The catcher’s position has turned into mostly a batless prairie in this time of launch angles and  big home run totals. The wRC+ positional average for catchers is around 84 – so 16% below league average for hitters in general. The Rockies mainly used Tony Wolters and Chris Iannetta behind the dish in 2018, with their top catching prospect, Tom Murphy, only getting 96 PAs with the big club in spite of a season at triple-A where he managed a wRC+ of 129. At the end of 2018 the Rockies gave Murphy’s spot to Drew Butera who only picked up a handful of at bats but also got Murphy’s spot in the playoffs. There are a lot of questions here, but the Rockies are likely to stick with Iannetta as the starter and Wolters and Murphy as the backups. Iannetta is very much a known quantity. His wRC+ last year was exactly league average for catchers at 84 – under his career mark of 96, so there is some room for bounce back with the age 35 caveat in place. He gets good marks for his pitch framing and is decent at slowing the running game if he gets help from the pitching staff – true of most catchers. He has good power and an excellent eye. If he weren’t already 35 he would get a lot more love for his skill set. The Rockies have him signed for one more year with an option for a second. Tony Wolters is a lot of fun to watch behind the plate because the converted middle infielder looks like a shortstop back there. He covers a lot of ground, has a good arm, and calls a good game – heck – he even plays the occasional inning at shortstop, second and third. How many catchers can say that? His 2018 numbers supported the view that he is an excellent receiver with 12 Defensive Runs Saved (DRS) in just 74 games. If only he could hit even a little Wolters could start, but back to back wRC+ numbers below 50 is hard to take when you have very limited room on the bench. The only thing Wolters has going for him when he has a bat in his hands is his selectivity. His walk rate has been around 12% for two seasons now.

So in a spot where hardly anyone hits anymore, having a catcher like Iannetta who is at least average with a chance to be slightly more seems like a good thing. The Rockies need to give Murphy – who in spite of his other issues has serious raw power – a legitimate chance to play at the major league level, and stash Wolters at triple-A and give him a ton of reps at all the infield positions so that if Murphy doesn’t ultimately pan out they can bring Wolters back up to be an all glove – no bat bench piece who can wield leather at every position surrounding the pitchers mound.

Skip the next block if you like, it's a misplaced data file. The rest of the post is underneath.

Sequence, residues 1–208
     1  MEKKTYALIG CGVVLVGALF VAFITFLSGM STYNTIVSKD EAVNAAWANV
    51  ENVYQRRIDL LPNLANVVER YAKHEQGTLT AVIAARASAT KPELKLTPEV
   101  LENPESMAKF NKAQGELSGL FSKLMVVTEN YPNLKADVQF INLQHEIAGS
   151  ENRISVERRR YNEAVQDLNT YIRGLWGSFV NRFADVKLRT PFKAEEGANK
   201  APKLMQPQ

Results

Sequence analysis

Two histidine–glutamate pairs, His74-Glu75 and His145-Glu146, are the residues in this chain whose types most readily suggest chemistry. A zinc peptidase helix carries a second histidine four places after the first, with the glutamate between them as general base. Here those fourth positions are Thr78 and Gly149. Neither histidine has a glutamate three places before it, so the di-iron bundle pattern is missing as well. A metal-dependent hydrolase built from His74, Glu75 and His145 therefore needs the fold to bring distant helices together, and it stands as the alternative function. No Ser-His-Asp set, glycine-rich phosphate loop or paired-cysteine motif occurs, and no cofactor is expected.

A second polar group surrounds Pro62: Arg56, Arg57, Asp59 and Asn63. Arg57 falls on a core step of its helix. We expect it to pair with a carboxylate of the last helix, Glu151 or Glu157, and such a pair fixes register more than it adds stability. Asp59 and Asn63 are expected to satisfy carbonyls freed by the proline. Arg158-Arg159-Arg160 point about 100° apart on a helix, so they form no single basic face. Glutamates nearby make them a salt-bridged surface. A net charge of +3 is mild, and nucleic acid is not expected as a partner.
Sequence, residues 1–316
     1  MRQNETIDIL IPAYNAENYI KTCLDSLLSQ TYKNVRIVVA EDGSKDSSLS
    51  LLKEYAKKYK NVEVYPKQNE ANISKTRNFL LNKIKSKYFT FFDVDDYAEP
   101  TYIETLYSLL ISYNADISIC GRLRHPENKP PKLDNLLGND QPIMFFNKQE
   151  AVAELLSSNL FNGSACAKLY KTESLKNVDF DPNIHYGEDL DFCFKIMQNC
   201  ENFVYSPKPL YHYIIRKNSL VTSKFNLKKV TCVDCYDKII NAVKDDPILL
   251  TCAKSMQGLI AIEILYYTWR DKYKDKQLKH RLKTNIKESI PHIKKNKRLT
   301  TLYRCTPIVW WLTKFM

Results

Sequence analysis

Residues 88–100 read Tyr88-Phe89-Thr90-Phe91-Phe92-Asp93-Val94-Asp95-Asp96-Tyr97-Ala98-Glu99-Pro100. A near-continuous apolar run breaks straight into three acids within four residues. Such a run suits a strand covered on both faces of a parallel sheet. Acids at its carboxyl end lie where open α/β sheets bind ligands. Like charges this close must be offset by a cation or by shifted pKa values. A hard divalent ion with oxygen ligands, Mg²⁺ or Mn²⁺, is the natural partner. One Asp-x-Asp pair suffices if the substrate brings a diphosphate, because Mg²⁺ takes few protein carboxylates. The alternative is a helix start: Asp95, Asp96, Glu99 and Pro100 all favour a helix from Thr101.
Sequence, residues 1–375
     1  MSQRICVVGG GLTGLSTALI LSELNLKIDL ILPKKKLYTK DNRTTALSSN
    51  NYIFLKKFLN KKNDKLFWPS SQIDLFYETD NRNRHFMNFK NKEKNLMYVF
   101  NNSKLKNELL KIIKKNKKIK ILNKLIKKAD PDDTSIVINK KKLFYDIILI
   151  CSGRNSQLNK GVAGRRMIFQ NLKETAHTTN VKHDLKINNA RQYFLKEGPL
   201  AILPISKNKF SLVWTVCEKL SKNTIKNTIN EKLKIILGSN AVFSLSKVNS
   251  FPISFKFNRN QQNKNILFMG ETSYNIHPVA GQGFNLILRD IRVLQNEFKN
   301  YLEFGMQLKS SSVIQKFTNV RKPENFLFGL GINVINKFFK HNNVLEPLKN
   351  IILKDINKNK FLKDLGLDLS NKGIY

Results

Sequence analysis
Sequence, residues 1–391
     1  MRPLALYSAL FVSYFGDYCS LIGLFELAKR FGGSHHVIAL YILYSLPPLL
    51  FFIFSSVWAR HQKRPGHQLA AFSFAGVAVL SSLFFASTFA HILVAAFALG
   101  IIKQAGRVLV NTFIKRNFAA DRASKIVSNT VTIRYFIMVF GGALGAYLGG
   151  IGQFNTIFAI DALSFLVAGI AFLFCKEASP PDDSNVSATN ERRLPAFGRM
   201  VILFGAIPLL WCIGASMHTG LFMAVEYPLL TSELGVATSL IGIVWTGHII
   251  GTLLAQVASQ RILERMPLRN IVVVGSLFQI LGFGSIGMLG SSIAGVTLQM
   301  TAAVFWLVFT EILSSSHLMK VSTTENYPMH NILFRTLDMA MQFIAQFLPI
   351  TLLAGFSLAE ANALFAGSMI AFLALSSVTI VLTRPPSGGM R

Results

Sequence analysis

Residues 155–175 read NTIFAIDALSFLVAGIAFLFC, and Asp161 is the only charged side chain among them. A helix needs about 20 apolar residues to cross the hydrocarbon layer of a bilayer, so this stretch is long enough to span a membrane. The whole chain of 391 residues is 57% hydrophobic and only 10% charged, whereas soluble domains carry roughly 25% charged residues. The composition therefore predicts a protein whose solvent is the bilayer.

It seems harder for the Rockies to let go of hitters because to their fans the hitters appear better than they actually are due to their home hitting environment. But that’s exactly what the Rockies need to do if they are going to support their excellent young starting pitchers who have shown they are ready right now. Cargo, Parra, Desmond, and even DJ LeMahieu should move on, as much as the fans might squawk, so that the Rockies can win now. When the fans see what a real offense looks like they will get over their ill-advised jersey purchases and embrace the new, winning Rockies. You will of course need to rip their LeMahieu jerseys from their screaming, writhing bodies, but such is the hard business of baseball. Sign me up for that Hampson jersey right now!

 

Author: elfuego25

When I'm not writing about baseball (or shoving kettle corn into my mouth at the ballpark), I am probably walking Daisy, who is a very good dog, researching my Portuguese-Irish roots, or wondering when my lovely wife will return from her latest fabulous trip. Yes, life is good!

Leave a Reply

Fill in your details below or click an icon to log in:

WordPress.com Logo

You are commenting using your WordPress.com account. Log Out /  Change )

Google photo

You are commenting using your Google account. Log Out /  Change )

Twitter picture

You are commenting using your Twitter account. Log Out /  Change )

Facebook photo

You are commenting using your Facebook account. Log Out /  Change )

Connecting to %s